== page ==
Book Review: In Print: Texas Book Festival Authors
A twice-married virgin wanders sexually liberated Vienna and collides with – who else? – Freud
Reviewed by James Renovitch, Fri., Sept. 17, 2010
A Curable Romantic: A Novelby Joseph Skibell
Algonquin Books, 608 pp., $25.95
Before Franz Ferdinand met his untimely end – the first domino toppled in the worst period of persecution for the Jews of Europe in history – A Curable Romantic's Jakob Sammelsohn wandered sexually liberated Vienna more concerned that he had been married twice yet was still a virgin. Who better to swoop in like a superhero than ur-therapist Sigmund Freud? And so the duke of daddy issues unwittingly kick-starts Jakob's sex life and adds fuel to his friend's travels toward and beyond the turn of the century, leading to collisions with other historical figures, including Emma Eckstein, one of Freud's great failures; Esperanto inventor Ludovik Zamenhof; and Warsaw ghetto chronicler Rabbi Kalonymos Kalmish Szapira.
Jakob's unlucky streak in love starts to look more like a downward spiral not soon after the book's first act. Turns out these vicious cycles might originate with three bit players in the Torah traveling from life to life throughout time, cursed to curse one another. Or they might just be an elaborate hallucination brought on by Jakob's hysteria. Either way, Romantic's movement from the lower-middle class to the German mandated Polish slums is rife with supernatural sabotage and all-around shit luck.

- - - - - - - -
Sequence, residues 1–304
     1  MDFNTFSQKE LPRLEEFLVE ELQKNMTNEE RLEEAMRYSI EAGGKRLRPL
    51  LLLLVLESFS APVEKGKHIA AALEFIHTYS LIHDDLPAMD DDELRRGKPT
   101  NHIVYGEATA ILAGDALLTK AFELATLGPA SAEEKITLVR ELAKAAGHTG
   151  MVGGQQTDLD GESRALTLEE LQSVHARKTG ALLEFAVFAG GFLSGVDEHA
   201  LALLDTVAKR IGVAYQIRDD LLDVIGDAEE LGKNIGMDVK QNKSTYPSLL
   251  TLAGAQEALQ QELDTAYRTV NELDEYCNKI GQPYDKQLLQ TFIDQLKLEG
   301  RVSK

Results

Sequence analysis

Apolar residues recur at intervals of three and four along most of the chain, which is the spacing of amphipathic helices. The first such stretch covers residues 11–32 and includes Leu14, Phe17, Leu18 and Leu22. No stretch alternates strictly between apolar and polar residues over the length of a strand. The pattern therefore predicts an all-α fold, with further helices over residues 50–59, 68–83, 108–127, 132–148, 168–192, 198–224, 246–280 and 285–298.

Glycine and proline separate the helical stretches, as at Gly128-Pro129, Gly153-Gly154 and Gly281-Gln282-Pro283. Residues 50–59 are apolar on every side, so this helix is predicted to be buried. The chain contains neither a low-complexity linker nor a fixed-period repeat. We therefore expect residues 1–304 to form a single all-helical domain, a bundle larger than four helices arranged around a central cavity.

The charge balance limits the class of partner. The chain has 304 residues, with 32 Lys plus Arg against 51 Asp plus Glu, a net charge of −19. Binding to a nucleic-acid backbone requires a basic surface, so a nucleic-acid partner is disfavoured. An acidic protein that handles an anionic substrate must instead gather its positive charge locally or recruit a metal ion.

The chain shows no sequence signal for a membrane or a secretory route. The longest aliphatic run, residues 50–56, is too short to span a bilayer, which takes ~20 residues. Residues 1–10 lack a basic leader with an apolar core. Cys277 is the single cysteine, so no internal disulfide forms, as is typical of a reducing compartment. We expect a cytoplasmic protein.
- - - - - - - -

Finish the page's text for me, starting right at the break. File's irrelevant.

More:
Skibell doesn't paint a dour picture for all 600 pages. There are moments of joy, love, and, yes, long-delayed sex even as A Curable Romantic shifts gears from mystery to history to something approximating Dante's Paradiso with few snags in the author's skilled yarn-spinning. Skibell bends the English language to his will as he examines the power of language to alienate and unite. Jakob, however, can't shake his past. He admits, "It's a peculiarity of us Jews that we tend to drag our history along behind us." And with a possible heavenly edict to be reborn over and over, Jakob's past is weighty indeed. That weight can be felt in the novel's prose, as Skibell's protagonist adds years to his life and the heavens beckon, if somewhat prematurely. One can only hope that Jakob's next life will be more fruitful, but if history, heaven, or both have their way, it looks doubtful.
In addition to his Texas Book Festival appearance, Joseph Skibell reads at BookPeople on Nov. 4.